More than 95% of performed surgeries result in vision of 20/20 or better, making laser eye surgery one of the most effective elective surgeries you can receive. Not only that, but with a lower than 1% complication rate, it’s also one of the safest.
For the millions of Americans that have had it, laser eye surgery has proven to be a safe and effective way to correct refractive errors and restore ideal visual acuity. It is one of the most popular surgeries in America.
Like any elective procedure, you can’t just jump into the operating room. We meet with our patients to first assess their eyes for candidacy, ensuring that their eyes are healthy and suitable for the procedure.
In addition to a comprehensive examination to determine health, we also take detailed measurements of your cornea to not only affirm the refractive error, but to inform the ophthalmologist (eye surgeon) regarding the specific correction required from the procedure.
Laser eye surgery can be performed via a variety of procedures. Generally, it is a fast procedure with minimal complications and a quick recovery
LASIK – Laser-Assisted in Situ Keratomileusis – This is the most common version of laser eye surgery performed in Virginia today. It involves using a specialized tool to create a flap in the eye’s epithelial cells (the thin layer of cells on top of the eye and cornea) to expose the cornea, where a powerful laser then reshapes the cornea to correct the refractive error that causes impaired vision.
LASEK – Laser Epithelial Keratomileusis – LASEK is very similar to LASIK, though instead of creating a flap in the epithelial cells, an entire section of the cells are removed during the surgery. The epithelial section is replaced once the surgery is complete.
PRK – Photoreactive Keratectomy – Again similar to both LASIK and LASEK, PRK differs in that the cellular flap is removed and discarded (the eye will regrow the cells in a few days). This version of the surgery is ideal for people where LASIK or LASEK are not ideal options (due to corneal thickness or other factors).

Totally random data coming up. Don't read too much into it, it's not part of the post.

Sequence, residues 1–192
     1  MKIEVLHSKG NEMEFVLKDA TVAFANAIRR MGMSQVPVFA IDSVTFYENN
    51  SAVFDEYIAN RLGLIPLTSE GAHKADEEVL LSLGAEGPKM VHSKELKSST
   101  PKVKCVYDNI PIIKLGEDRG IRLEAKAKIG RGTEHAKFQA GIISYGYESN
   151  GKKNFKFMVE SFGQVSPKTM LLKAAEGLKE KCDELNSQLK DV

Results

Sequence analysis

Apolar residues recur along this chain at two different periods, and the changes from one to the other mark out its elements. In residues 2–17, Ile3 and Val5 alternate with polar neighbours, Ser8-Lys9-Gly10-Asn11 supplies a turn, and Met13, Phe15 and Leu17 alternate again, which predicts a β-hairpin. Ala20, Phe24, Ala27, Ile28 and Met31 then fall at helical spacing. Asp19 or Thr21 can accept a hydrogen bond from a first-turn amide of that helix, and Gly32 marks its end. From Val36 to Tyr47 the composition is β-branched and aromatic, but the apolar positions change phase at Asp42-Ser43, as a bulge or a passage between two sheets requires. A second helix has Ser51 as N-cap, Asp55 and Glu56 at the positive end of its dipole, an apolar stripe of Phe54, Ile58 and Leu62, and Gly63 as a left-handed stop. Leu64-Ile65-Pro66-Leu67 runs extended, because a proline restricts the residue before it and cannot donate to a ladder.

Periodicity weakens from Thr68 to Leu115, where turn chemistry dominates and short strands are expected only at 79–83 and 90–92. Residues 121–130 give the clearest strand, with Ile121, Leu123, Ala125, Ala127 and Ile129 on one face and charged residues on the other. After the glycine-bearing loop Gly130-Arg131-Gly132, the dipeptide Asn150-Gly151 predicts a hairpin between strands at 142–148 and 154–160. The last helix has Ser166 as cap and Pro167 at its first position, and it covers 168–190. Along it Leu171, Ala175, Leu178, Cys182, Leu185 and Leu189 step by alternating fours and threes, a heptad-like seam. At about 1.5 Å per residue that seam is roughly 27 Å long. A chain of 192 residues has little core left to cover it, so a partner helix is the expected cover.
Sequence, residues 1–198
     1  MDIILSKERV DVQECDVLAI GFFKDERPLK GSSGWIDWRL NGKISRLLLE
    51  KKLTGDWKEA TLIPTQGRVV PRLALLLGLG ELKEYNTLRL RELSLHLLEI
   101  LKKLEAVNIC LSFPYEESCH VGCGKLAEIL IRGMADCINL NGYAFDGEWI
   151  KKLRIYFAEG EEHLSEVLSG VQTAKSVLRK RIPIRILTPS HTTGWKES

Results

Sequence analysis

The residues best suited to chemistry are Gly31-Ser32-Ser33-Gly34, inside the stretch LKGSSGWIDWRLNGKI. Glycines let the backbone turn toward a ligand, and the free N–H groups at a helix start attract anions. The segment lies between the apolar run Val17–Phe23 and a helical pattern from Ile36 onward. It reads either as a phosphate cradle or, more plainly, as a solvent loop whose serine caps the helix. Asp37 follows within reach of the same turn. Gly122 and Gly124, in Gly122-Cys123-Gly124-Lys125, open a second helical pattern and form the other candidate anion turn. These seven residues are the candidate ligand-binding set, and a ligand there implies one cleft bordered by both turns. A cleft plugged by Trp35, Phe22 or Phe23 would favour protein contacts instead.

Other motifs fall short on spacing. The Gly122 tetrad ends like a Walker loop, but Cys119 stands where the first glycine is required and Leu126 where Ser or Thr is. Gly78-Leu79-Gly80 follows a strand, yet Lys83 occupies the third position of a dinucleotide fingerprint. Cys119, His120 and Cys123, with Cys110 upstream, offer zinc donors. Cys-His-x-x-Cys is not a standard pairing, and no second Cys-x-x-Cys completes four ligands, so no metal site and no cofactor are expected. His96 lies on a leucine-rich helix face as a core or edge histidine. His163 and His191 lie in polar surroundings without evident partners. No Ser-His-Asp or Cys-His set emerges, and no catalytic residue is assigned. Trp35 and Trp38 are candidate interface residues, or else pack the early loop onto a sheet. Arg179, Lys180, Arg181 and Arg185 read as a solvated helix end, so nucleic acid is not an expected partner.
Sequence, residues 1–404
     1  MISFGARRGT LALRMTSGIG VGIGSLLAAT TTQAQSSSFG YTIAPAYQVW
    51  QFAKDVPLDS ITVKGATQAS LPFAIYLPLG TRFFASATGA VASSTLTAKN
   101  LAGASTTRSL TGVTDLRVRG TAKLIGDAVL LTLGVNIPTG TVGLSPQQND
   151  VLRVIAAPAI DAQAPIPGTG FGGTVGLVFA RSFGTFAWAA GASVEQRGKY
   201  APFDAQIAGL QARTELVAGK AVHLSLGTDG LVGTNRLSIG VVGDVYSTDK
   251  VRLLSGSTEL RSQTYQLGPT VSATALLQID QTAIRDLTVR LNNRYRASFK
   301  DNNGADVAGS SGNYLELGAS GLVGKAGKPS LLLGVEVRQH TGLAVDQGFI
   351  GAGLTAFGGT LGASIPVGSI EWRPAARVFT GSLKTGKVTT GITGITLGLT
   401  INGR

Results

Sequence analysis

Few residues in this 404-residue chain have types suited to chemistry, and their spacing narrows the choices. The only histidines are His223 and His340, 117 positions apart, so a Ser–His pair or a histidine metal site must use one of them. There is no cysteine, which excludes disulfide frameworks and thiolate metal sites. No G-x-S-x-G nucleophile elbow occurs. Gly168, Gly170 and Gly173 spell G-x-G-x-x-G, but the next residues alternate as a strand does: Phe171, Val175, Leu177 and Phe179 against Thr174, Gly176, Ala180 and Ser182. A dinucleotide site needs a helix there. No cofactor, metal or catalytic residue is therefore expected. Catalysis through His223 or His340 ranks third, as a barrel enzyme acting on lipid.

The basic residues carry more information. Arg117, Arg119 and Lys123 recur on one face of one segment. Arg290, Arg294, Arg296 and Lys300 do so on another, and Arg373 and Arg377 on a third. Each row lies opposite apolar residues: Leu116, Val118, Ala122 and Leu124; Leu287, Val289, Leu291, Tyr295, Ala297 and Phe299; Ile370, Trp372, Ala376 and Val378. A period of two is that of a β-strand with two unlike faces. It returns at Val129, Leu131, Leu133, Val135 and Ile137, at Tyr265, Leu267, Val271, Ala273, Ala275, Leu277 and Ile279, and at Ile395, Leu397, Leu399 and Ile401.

During surgery – The procedure takes approximately 90 minutes per eye from start to finish, though only 10 – 20 minutes of that time is spent in the operating room. Your eye will be numbed and cleaned, and then the procedure itself will take place.
During the procedure you will feel pressure on your eye while the surgeon works, and you will also see and smell new and unfamiliar things. This is normal and, despite how alarming it may feel or sound, is no cause for concern.
When ready, you will be asked to stare at a fixed point for 10 – 90 seconds (as dictated by the surgeon) while the laser gets to work. Once complete, your eye will be patched and you will be monitored briefly before being discharged.
Note: the procedure varies somewhat based on the version of surgery you are having. We will set appropriate expectations prior to surgery based on the procedure best suited for you, and the surgical team will reaffirm these steps the day of.
After surgery – We will meet with you within 48 hours of surgery to assess your eyes and ensure that the operated eye is recovering as expected. If you are experiencing discomfort we may provide eye drops or oral medications to alleviate symptoms.
Potential complications – Less than 1% of procedures result in long-term complications, though complications remain a risk. We will inform you in more detail during your consultation so that you have the information needed to make an informed decision.
Side effects from surgery, if any, are usually temporary. However, longer-term side effects are possible and happen in rare circumstances. Potential side effects include: